Usually the heft of a premium phone feels reassuring. But at first, holding the phone was a dissonant experience. There were a few reasons for this:
It was the first time that an iPhone model has become thicker than the previous generation of iPhone.
The change in design with its thicker flat sides has little difference in putting on a protective case, but removing the case is noticeably harder.
After three days or so usage, the iPhone 12 felt perfectly normal as I got used to it.
As I said at the outset to this post, this like other modern premium smartphones, are good at taking snapshots. The main difference between my iPhone 11 Max Pro and iPhone 12 Max Pro was a slight increase in optical magnification. The rest of the mild photographic improvements were available in the iOS 14 software for both new and older iPhones.
The big selling point for Apple on the iPhone 12 Pro Max is its ability use 5G networks. The problem is that for consumers 5G doesn’t have a compelling killer application at the moment.
In that respect, it reminds me a lot of my time working with Cap Gemini as a client when video calling and Quibi like sports and entertainment clips were thought to be the killer app for 3G.
The reality is that it took wi-fi and 4G made video to make calls work, even then the product isn’t perfect. Shorter sellable video content is still looking for a market. 5G does have industrial niche market opportunities. Secondly, 5G network rollout means that there will be probably three generations of future iPhones before the 5G wireless function becomes useful. I still live in a neighbourhood in central London where I often lose 4G coverage. 5G will require many more cell sites to provide the same level of coverage.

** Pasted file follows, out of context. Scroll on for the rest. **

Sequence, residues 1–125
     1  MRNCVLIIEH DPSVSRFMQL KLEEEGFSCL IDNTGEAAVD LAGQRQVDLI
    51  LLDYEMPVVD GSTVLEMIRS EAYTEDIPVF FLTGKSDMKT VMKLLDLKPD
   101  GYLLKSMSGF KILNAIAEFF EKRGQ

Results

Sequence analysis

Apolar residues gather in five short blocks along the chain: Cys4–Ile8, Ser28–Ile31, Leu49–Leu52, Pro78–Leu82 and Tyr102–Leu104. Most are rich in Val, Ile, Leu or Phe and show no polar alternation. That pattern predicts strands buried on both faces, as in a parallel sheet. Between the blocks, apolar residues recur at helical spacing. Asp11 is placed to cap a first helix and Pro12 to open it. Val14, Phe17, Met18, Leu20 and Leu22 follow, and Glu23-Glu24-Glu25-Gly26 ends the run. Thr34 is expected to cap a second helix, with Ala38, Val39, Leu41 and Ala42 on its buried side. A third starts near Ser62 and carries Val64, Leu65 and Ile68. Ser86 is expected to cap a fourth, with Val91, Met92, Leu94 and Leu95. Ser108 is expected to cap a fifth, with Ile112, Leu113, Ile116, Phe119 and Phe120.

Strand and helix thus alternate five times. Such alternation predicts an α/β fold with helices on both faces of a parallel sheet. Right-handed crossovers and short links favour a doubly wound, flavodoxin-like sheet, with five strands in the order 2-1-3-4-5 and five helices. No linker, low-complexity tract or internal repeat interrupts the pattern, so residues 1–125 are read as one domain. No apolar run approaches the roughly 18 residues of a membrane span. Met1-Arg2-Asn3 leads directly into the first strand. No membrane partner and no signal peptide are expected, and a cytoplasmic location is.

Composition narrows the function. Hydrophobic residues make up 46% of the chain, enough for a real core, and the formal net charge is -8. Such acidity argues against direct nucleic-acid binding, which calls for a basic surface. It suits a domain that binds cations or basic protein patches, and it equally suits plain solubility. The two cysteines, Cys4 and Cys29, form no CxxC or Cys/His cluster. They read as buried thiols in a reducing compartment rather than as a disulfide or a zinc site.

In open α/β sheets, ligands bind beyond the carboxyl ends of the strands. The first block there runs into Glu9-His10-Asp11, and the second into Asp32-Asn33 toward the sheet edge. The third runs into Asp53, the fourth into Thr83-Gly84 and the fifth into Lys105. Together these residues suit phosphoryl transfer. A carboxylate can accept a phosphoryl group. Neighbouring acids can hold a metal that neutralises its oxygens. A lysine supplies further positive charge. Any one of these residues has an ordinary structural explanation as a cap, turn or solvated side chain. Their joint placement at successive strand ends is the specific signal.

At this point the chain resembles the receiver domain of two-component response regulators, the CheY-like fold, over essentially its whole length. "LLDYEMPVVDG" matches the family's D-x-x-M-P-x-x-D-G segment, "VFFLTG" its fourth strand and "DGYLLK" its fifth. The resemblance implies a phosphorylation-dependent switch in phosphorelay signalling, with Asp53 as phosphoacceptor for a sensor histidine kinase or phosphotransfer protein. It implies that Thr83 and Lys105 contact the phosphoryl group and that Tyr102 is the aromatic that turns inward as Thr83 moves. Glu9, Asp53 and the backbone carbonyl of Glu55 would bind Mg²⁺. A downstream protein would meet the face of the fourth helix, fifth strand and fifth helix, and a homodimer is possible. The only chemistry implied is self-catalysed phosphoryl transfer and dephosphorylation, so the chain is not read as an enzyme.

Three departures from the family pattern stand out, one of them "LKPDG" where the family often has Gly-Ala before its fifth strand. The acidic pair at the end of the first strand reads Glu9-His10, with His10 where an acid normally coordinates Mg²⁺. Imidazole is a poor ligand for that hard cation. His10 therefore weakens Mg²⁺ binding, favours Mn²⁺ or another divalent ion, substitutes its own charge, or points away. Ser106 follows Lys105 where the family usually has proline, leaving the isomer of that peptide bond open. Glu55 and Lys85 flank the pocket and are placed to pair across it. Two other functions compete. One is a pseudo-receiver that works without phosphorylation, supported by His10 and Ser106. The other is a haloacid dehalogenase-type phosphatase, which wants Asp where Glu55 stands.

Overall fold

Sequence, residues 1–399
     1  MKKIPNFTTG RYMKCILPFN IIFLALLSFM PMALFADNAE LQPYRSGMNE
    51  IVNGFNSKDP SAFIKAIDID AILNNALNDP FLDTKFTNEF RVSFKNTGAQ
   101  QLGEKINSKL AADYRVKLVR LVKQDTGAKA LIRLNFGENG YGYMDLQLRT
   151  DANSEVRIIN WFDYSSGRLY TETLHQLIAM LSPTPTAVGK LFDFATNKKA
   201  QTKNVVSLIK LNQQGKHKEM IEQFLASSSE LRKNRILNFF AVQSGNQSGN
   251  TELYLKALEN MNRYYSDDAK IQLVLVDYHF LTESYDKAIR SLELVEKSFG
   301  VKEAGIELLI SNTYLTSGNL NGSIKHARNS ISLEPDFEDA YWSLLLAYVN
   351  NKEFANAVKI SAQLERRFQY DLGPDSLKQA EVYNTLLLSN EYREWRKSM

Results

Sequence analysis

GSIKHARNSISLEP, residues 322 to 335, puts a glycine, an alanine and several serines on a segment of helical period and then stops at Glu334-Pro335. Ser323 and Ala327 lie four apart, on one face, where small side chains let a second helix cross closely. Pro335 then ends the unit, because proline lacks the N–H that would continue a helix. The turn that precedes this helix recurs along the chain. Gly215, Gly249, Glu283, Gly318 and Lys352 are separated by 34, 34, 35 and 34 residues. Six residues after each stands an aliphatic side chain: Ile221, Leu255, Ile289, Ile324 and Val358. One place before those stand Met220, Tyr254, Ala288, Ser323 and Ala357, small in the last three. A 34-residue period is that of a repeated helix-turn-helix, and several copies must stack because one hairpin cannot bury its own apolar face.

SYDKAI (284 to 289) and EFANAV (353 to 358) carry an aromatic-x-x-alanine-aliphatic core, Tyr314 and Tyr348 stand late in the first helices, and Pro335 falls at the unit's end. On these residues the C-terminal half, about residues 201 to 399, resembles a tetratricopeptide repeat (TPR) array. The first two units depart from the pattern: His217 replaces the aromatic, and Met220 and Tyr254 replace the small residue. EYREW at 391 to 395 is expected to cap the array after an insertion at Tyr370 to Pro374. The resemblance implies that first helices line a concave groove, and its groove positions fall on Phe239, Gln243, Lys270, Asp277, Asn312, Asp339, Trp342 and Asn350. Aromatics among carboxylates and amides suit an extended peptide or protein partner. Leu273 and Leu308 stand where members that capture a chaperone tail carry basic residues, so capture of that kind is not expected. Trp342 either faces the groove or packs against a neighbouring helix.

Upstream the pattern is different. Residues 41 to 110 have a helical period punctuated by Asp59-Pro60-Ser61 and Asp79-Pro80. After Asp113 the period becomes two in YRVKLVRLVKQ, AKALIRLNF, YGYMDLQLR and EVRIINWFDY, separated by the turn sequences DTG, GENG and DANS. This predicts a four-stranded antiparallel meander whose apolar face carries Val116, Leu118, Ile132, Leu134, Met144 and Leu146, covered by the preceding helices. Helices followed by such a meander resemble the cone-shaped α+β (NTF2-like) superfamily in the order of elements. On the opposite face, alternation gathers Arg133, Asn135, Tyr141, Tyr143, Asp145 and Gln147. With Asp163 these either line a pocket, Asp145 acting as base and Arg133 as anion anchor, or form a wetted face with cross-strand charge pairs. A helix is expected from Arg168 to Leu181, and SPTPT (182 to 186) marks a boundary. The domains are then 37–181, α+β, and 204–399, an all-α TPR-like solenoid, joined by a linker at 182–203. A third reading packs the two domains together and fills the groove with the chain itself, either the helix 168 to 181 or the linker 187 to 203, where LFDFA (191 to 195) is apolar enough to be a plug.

Cellphone reception seems to be better; I don’t know if this is down to the handset or my carrier building out their infrastructure further during the lockdown.
My house has never had great cellphone reception during my time living here. It backs on to a railway line with overhead electrification and only had windows the side facing away from the railway. Yet I am now seeing two bars of signal in parts of the house where I previously would only have had Wi-Fi or a single bar of 3G.
Unsurprisingly, the iPhone 12 Pro Max is an accomplished handset. It offers good battery life, responsive performance, a great screen, a good camera and is well made. But there is insufficient reason to upgrade if you have an iPhone made in the last three years. You already have a good well made phone. It has a good camera and will run the latest version of iOS.
If your battery no longer holds the charge, the way it once did, Apple offers a service to replace the battery at a very reasonable cost.
More design related posts here.
More information and selected reviews
Shenzhen/Huawei: the other Bay Area | Financial Times – The impression of military manoeuvres by alternative means was reinforced by Tencent, another Shenzhen resident. It was among big Chinese social and video platforms including iQiyi and Weibo, that simultaneously cancelled the livecast of Apple’s iPhone 12 launch
Kibbles & Bytes #1122: Apple Releases Four iPhone 12 Models and the HomePod mini – Don nails the assessment of 5G in the latest edition of his newsletter.
Daring Fireball: The iPhone 12 and iPhone 12 Pro – interesting thoughts on the iPhone 12s. What Gruber doesn’t touch on is the radio improvements, particularly in 4G